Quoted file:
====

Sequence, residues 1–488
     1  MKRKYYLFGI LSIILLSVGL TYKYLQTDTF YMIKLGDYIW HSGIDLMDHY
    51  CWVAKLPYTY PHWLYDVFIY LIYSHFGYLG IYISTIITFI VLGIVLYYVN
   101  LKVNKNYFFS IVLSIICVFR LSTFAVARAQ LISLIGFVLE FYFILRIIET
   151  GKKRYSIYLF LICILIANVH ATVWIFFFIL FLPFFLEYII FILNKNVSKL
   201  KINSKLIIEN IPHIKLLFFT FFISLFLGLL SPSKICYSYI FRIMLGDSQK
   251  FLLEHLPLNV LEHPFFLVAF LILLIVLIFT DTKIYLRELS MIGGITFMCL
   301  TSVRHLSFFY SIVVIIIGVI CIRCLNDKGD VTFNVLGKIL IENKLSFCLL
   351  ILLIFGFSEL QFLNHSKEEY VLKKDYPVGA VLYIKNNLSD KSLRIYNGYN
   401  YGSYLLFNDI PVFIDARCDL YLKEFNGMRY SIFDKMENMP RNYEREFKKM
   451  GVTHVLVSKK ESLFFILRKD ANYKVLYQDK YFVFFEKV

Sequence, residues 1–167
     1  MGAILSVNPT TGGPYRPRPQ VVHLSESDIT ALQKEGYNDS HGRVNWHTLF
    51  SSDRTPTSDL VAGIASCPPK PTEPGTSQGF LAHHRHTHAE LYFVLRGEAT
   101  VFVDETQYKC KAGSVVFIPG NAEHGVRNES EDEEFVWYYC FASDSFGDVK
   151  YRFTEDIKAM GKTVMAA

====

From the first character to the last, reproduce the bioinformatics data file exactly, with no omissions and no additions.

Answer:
Sequence, residues 1–488
     1  MKRKYYLFGI LSIILLSVGL TYKYLQTDTF YMIKLGDYIW HSGIDLMDHY
    51  CWVAKLPYTY PHWLYDVFIY LIYSHFGYLG IYISTIITFI VLGIVLYYVN
   101  LKVNKNYFFS IVLSIICVFR LSTFAVARAQ LISLIGFVLE FYFILRIIET
   151  GKKRYSIYLF LICILIANVH ATVWIFFFIL FLPFFLEYII FILNKNVSKL
   201  KINSKLIIEN IPHIKLLFFT FFISLFLGLL SPSKICYSYI FRIMLGDSQK
   251  FLLEHLPLNV LEHPFFLVAF LILLIVLIFT DTKIYLRELS MIGGITFMCL
   301  TSVRHLSFFY SIVVIIIGVI CIRCLNDKGD VTFNVLGKIL IENKLSFCLL
   351  ILLIFGFSEL QFLNHSKEEY VLKKDYPVGA VLYIKNNLSD KSLRIYNGYN
   401  YGSYLLFNDI PVFIDARCDL YLKEFNGMRY SIFDKMENMP RNYEREFKKM
   451  GVTHVLVSKK ESLFFILRKD ANYKVLYQDK YFVFFEKV

Sequence, residues 1–167
     1  MGAILSVNPT TGGPYRPRPQ VVHLSESDIT ALQKEGYNDS HGRVNWHTLF
    51  SSDRTPTSDL VAGIASCPPK PTEPGTSQGF LAHHRHTHAE LYFVLRGEAT
   101  VFVDETQYKC KAGSVVFIPG NAEHGVRNES EDEEFVWYYC FASDSFGDVK
   151  YRFTEDIKAM GKTVMAA